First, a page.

Hey y’all! I’m the summer intern at The Weekender. I’m honored to have the final say for this week; I figured it would be a good chance to let you meet me, and maybe for me to get to meet you. I’m new in town, so any story ideas you have -- all things related to local music, a delicious new ice cream spot in town or anything with cats, for example -- just send them my way! I’m happy to connect with you, and now you know what some of my favorite things are: music, ice cream, cats. That’s a start.
I hail from the shining streets of Sioux Falls, South Dakota. Where I come from, we (lovingly) know Iowans as bad drivers, corn-eaters and “idiots out wandering around.” We also know Sioux City as “a smelly place that can’t figure out how to finish their construction that’s been around since my mom was younger than I am.”
Only some of these things are true.
I’m here to tell you what I’ve learned so far about Sioux City, and a few things you should know about me.
Sioux Cityans are devoted to this place -- and it’s growing on me, too.
Anyone from this region knows that Sioux Falls and Sioux City have a weird rivalry, similar to that of Eagleton and Pawnee in NBC’s “Parks and Recreation.” I’ve lived in Sioux Falls all of my life and understand this rivalry.
I love a good local music scene.
It’s not unlikely for me to go out on a weeknight to see a band which might suck, or might amaze me into complete fandom, solely because they’re local.
Part of why Sioux City is growing on me is because the music scene is just the right size to slip into. DIY venues seem to be popping up all over town; bands like Close to Most, Ghostcat and Tapwater Shrimp, and artists like Her Grace are making genuinely good music here; and, there are so many friendly people to find at each show. It’s nice to see great bands like Salt Creek and Glacier Veins come through a place like this, too. Sioux City’s music scene is like a close neighbor of Sioux Falls’ music scene, so it’s been very welcoming so far.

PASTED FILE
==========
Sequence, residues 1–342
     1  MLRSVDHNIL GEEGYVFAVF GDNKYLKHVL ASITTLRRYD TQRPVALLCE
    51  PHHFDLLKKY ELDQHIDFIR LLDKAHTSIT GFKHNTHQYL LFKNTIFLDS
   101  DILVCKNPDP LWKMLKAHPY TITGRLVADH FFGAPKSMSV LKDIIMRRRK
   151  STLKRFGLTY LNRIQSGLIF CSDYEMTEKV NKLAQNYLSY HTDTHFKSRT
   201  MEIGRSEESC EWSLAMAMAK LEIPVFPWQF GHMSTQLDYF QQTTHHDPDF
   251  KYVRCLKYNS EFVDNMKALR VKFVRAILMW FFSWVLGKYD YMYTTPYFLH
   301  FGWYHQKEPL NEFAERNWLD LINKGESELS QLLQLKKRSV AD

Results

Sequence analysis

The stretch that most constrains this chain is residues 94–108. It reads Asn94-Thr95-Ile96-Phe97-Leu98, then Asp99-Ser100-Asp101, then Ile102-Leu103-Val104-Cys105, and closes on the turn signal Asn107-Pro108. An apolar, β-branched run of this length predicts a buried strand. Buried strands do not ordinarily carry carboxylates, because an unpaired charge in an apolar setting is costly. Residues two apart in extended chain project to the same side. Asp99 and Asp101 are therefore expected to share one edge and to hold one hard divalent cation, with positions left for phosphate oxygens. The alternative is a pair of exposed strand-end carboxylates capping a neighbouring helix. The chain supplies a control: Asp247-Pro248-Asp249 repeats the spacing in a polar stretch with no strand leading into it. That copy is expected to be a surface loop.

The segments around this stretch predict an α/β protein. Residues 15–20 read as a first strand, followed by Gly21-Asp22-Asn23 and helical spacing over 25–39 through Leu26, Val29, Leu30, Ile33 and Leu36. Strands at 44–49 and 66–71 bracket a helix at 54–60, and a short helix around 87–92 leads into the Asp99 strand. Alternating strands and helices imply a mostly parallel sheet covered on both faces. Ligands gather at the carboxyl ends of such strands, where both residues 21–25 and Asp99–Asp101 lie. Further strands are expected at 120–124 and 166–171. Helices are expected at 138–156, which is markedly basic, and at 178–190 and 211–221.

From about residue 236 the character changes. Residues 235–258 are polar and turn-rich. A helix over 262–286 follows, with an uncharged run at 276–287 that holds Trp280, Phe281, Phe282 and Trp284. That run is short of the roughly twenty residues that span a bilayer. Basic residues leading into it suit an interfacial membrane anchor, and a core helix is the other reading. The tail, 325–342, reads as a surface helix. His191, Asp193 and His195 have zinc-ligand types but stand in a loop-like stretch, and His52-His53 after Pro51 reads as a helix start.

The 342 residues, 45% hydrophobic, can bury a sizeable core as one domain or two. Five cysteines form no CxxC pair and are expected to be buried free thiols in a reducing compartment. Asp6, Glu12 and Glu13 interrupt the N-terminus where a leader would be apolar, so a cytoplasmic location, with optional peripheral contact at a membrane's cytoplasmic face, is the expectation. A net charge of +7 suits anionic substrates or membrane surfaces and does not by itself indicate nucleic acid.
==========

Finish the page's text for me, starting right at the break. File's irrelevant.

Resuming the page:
Young people are the future.
Is there any other way than that?
So far in Sioux City, I’ve written a lot of stories where I’ve been able to meet lots of people my age who are doing big things. I interviewed drag queens, volunteers and student researchers for Sioux City Pride; I met local musicians who are making a name for themselves; I heard the passion of young organizers from the March for Our Lives who are outspoken and not afraid to be so.
Not all young people are entitled, lazy and self-absorbed. Many are hustling with multiple jobs, staying passionate about their beliefs, getting involved in issues that matter and making a difference. Young people are the future, simply put. I’ve been blessed to meet so many inspiring people as I have.
I attend the University of South Dakota and live in the bustling city of Vermillion.
Vermillion is the essence of a college town, and although it gets dreary and often boring, “Verm” has its moments. Whether it’s a cruise around town, a Dakota Days parade or a show on the patio of the Dakota Brick House, Vermillion ain’t so bad. The only bummer is the 40-mile commute from my house to the office every day -- but I don’t mind the drive.
I have big shoes to fill -- and so does the next person to officially take over the Weekender.
When I was calling people for the Whatever Fest II story, people kept asking if I was taking over the Weekender as Chris’ replacement. Although I explained I was the intern and just filling in here and there, covering some of the stories I found interesting while the search for a permanent Weekender writer continues, many of the people I called expressed fond memories they had of Chris. They seemed sad he was gone but glad he was on to bigger things -- sadly elsewhere.
Chris made great connections with a good handful of bar owners, musicians, artists and creatives in Siouxland. He took a risk in reviewing local bands and people were mostly grateful for his higher standard. He was a skilled writer and is obviously missed in his former home turf. Hopefully the next person to take over the Weekender can bring his same charisma and passion to this town, but maybe inspire some new flavors of writing and represent a new voice unique to this newsroom.
That’s my final say. Thanks for reading, and don’t be shy with sending me those story ideas. I'm at firstname.lastname@example.org until school starts.